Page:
Building a national child-care system requires a coherent, ambitious approach
Policy Options, 17 March 2021
This new article by Morna Ballantyne, Martha Friendly, and Susan Prentice discusses how the development of a national child care system requires direct operational funding to services, a clear vision and a sustained approach to system-building that addresses expansion, affordability and workforce challenges simultaneously. The authors conclude that system-building will depend on both the will and skill of the federal government, as well as the collaboration and interest of provincial and territorial governments on an ongoing basis.
MB: Manitoba’s child care legislation overlooks financial needs of day care workers, association says
Global News, 12 March 2021
Research, policy and practice
Feminist scorecard 2021: Accelerating a feminist COVID-19 recovery
Oxfam Canada, 16 March 2021This annual report assesses the steps that the federal government has taken over the past year to make progress on women’s rights and gender equality. Given the far-reaching impacts of the COVID-19 crisis over the past year, the 2021 scorecard focuses on the government’s actions to help Canada and the world respond to and recover from the pandemic in 10 key policy areas. Each area is rated using red, yellow, green – indicating very little, some or significant progress made in each specific area. Child care policy in Canada has been given an orange rating, indicating that women who have lost their jobs or been forced to leave cannot return to paid work because of a lack of affordable and quality child care across Canada.
Gender differences in unpaid care work and psychological distress in the UK COVID-19 lockdown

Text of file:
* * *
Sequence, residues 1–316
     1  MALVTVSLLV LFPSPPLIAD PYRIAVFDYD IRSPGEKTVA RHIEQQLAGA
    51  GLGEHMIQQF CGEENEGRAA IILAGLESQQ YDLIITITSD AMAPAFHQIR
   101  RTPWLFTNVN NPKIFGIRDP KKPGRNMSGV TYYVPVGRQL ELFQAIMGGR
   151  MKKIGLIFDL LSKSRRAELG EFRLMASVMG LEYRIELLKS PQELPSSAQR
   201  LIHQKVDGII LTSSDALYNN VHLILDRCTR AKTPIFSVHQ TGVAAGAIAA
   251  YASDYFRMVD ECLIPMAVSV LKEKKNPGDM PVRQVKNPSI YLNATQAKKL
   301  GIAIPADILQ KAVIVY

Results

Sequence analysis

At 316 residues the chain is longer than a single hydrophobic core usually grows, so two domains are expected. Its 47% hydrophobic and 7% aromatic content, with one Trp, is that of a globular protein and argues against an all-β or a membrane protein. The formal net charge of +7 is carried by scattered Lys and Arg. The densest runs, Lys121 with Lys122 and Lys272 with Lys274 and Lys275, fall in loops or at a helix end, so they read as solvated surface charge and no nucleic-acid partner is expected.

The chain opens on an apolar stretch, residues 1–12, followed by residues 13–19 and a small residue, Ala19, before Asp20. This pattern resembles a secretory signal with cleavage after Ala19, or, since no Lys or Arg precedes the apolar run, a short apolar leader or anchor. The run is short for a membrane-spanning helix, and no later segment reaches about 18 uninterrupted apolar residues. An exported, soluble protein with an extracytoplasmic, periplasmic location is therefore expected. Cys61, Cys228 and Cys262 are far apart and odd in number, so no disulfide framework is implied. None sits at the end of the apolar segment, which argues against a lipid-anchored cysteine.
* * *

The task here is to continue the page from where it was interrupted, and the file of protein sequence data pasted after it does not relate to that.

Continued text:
PLOS ONE, 4 March 2021
This article describes how men and women divided child care and housework demands during the height of the first COVID-19 lockdown in the UK, and whether these divisions were associated with worsening mental health during the pandemic. The authors conclude that women spent much more time on unpaid care work than men during lockdown, and it was more likely to be the mother than the father who reduced working hours or changed employment schedules due to increased time on childcare. The authors note that continued gender inequalities in divisions of unpaid care work, juggling home working with homeschooling and childcare as well as extra housework is likely to lead to poor mental health for people with families, particularly for lone mothers.
The gendered impacts of COVID-19: Lessons and reflections
Gender & Society, 5 March 2021
This editorial describes how the unprecedented social and economic disruptions of COVID-19 have provided gender scholars the opportunity to highlight long-term structural gender disparities and to study the impact of COVID-19 on gender inequality. This special COVID-19 issue of Gender & Society explores how gendered disparities were felt differently across family contexts, across national borders, and by women of different racial and minority groups within national borders. The editorial concludes that this research, across many countries, has shown that sexism must be addressed through changes to both social policy and cultural logic.